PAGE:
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Dr. Thom Bornemann: Director Sees Need to Integrate Mental Health Into Health Care System

Although the words "reduce stigma" do not appear in the name of any initiatives of the Mental Health Program Thom Bornemann directs, the concept is embodied in virtually everything the program does.

"Mental disorders are among the most prevalent of all health conditions," said Dr. Bornemann. "We have effective treatments available, but the vast majority of people who need treatments do not get them, in part because our system distinguishes between physical and mental illnesses. That we separate the brain from the rest of the organism is folly, and yet we've organized our health care system that way."

Reducing the stigma against mental illnesses in many ways, including increased access to care, is a cause Dr. Bornemann has pursued throughout his career-from early work in a psychiatric emergency clinic in San Francisco to developing a national mental health program for refugees. Acutely interested in finding ways to apply research to clinical practice and integrate mental health into the larger public health policy arena, Dr. Bornemann found joining the Center in 2002 a natural evolution for him.

"Our field, not unlike other fields, includes competing interests," said Dr. Bornemann. "A policy-maker may be most interested in the efficiency and effectiveness of programs, whereas a consumer of mental health services may be interested in housing, a decent wage, and the opportunity to rejoin his or her community. The Carter Center's program is recognized as an honest, fair-minded broker, working well with a host of constituents to promote resolution and action."

The program brings government policy-makers, academics, advocates, and consumers together through the annual Rosalynn Carter Symposium on Mental Health Policy, now in its 20th year. "We offer a rare opportunity for leadership from all sectors of the community to come together on an issue of national concern, such as the need to transform mental health care for families and children," said Bornemann. "In recent years, we've conducted follow-up studies to identify actions symposium participants have taken to make concrete progress. We try to go beyond professional meetings where people network and then resume business as usual, because we're in a field where business as usual is not acceptable."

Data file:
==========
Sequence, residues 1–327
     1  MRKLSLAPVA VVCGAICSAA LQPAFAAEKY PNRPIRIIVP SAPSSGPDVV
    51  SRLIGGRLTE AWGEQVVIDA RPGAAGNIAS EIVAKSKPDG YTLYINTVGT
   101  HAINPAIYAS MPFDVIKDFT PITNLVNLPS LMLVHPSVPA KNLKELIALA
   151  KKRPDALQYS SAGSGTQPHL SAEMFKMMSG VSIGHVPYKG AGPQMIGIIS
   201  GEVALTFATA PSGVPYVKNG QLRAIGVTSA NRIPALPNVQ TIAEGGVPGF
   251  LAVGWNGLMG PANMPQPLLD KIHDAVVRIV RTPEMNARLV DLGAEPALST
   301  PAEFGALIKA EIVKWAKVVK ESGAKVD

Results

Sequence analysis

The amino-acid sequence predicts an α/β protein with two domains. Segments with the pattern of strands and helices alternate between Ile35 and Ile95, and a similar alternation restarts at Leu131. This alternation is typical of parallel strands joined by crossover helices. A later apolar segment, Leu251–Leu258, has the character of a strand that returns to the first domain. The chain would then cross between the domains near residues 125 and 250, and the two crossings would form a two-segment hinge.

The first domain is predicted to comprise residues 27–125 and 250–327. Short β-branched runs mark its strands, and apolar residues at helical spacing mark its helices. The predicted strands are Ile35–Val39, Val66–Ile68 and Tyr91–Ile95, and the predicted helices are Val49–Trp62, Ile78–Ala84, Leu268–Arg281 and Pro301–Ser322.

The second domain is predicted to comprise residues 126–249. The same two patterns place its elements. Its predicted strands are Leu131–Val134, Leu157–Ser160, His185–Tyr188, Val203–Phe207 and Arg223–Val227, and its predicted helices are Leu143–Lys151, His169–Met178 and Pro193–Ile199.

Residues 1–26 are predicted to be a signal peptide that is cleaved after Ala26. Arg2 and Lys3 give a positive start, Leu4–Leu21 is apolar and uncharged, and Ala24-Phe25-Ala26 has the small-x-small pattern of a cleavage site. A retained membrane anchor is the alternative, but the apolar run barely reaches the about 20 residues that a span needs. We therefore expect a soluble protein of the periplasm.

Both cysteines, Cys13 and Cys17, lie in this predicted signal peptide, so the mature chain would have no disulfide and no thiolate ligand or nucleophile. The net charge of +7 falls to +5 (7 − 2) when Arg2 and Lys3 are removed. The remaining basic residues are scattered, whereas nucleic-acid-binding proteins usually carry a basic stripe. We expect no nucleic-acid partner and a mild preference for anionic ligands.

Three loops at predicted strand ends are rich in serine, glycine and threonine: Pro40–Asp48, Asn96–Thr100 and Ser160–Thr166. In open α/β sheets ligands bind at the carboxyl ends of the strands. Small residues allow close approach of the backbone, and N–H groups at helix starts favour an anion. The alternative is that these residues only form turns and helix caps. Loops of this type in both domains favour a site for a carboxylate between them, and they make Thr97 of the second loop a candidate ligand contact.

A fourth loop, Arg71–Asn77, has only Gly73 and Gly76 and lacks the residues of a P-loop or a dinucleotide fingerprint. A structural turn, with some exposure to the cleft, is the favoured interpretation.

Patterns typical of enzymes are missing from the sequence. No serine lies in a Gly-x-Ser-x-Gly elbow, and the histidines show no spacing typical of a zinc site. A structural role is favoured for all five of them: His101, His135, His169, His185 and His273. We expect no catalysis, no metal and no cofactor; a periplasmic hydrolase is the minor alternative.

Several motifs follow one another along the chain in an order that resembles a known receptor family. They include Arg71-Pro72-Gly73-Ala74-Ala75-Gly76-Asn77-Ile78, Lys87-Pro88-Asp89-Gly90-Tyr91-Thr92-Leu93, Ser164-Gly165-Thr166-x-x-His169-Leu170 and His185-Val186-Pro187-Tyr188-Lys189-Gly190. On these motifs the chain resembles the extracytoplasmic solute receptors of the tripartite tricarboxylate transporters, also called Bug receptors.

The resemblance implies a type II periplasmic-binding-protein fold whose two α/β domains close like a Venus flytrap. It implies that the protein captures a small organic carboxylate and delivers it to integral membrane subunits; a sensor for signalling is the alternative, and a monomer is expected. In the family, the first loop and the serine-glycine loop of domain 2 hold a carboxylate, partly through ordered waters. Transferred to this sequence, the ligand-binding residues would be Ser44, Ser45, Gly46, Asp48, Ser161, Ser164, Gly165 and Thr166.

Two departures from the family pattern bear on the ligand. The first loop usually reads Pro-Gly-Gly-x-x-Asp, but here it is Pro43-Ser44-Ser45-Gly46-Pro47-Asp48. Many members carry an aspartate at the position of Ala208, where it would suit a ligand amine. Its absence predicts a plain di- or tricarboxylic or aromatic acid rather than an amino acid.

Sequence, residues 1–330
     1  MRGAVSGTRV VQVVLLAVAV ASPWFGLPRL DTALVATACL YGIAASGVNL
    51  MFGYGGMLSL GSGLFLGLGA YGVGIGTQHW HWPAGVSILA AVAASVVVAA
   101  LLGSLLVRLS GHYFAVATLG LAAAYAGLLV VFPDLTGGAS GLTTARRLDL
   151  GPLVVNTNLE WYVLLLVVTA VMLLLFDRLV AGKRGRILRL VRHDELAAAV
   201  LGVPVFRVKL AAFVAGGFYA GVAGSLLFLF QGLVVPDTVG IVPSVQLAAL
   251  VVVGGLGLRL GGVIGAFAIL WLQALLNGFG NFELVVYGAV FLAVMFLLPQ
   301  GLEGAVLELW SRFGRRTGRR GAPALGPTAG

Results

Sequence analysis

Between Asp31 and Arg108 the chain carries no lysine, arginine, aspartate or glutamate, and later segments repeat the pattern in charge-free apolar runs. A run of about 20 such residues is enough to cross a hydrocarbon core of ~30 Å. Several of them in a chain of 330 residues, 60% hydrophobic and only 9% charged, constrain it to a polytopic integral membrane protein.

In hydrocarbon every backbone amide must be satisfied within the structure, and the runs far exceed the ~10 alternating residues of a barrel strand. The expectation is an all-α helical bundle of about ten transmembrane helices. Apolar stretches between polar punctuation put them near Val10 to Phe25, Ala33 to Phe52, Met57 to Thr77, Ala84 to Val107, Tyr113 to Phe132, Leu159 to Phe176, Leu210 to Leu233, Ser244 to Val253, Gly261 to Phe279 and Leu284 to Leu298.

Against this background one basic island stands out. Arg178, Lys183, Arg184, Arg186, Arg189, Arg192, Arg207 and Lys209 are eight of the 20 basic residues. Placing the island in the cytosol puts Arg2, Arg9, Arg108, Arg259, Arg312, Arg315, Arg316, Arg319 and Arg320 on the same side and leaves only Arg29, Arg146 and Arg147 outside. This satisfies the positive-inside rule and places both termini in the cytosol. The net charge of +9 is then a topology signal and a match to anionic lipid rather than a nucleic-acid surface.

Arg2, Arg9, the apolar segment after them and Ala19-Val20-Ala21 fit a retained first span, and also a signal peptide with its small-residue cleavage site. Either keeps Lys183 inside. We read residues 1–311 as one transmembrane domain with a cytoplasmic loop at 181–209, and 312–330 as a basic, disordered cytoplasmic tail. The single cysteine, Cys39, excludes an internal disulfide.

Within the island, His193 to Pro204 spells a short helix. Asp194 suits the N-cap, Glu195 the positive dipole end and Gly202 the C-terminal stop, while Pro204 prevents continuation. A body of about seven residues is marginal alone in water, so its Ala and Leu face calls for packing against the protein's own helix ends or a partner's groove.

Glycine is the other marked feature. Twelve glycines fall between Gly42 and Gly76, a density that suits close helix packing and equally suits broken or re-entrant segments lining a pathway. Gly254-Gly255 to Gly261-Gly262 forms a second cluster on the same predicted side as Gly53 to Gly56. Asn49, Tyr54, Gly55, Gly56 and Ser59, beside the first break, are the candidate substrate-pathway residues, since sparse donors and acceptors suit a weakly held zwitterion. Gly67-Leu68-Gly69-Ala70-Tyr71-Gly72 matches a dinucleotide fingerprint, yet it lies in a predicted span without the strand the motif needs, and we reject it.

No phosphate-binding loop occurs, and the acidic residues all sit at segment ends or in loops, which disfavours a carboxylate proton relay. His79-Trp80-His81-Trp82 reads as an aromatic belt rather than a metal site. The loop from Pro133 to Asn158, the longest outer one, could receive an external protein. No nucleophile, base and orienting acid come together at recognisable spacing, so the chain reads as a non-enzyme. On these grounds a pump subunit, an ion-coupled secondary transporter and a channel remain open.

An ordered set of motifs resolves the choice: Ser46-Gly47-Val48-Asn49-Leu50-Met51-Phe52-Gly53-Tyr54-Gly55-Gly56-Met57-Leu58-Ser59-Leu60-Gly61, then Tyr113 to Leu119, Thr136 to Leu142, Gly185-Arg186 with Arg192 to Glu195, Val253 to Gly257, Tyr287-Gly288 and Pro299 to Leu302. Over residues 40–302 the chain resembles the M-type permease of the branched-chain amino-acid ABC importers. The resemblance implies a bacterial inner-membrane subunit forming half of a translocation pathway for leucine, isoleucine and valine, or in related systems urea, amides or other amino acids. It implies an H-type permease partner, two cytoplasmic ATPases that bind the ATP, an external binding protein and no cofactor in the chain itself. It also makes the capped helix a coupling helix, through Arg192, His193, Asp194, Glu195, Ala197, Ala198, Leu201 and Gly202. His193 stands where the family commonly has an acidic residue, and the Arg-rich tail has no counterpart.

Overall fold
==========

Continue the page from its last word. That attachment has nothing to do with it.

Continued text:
Dr. Bornemann and his staff also work with Georgia mental health organizations to produce a yearly state-level forum, which will focus in May 2005 on Georgia's move to managed care in the taxpayer- funded Medicaid program. An even broader avenue for making gains is the fellowship program for mental health journalism. "The anti-stigma message was really the impetus for the program, which encourages journalists to report more accurately about mental illnesses, reducing stereotypical information and developing a better-informed media and public," Dr. Bornemann said. Results have been tangible. For example, one fellow produced a series of articles on the Oregon mental health system that led to legislative action.

"There's not a country on this planet that doesn't have tremendous difficulties with stigma, often leading to profound forms of discrimination against people and families of people with mental disorders," said Dr. Bornemann. "If we at The Carter Center can help the mental health community in this country become more effective and are able to communicate that success to our colleagues around the world and learn from them as well, we can help people get back on their feet to rejoin the work force, start leading more enriched lives, and have relationships again in communities and with their families."

Photo credit: Carter Center/ A.  Poyo

Dr. Thom Bornemann, who joined the Center in 2002, said the Center's success in bringing together the mental health community can help those with mental disorders rejoin their families and jobs.

Learn more about the Carter Center's Mental Health Program >

"Since Mrs. Carter began
her work in mental health, we
have moved from a focus on
lessening symptoms to a
concept of recovery. Her impact
in this field has been deep
and constant."

—Thom Bornemann

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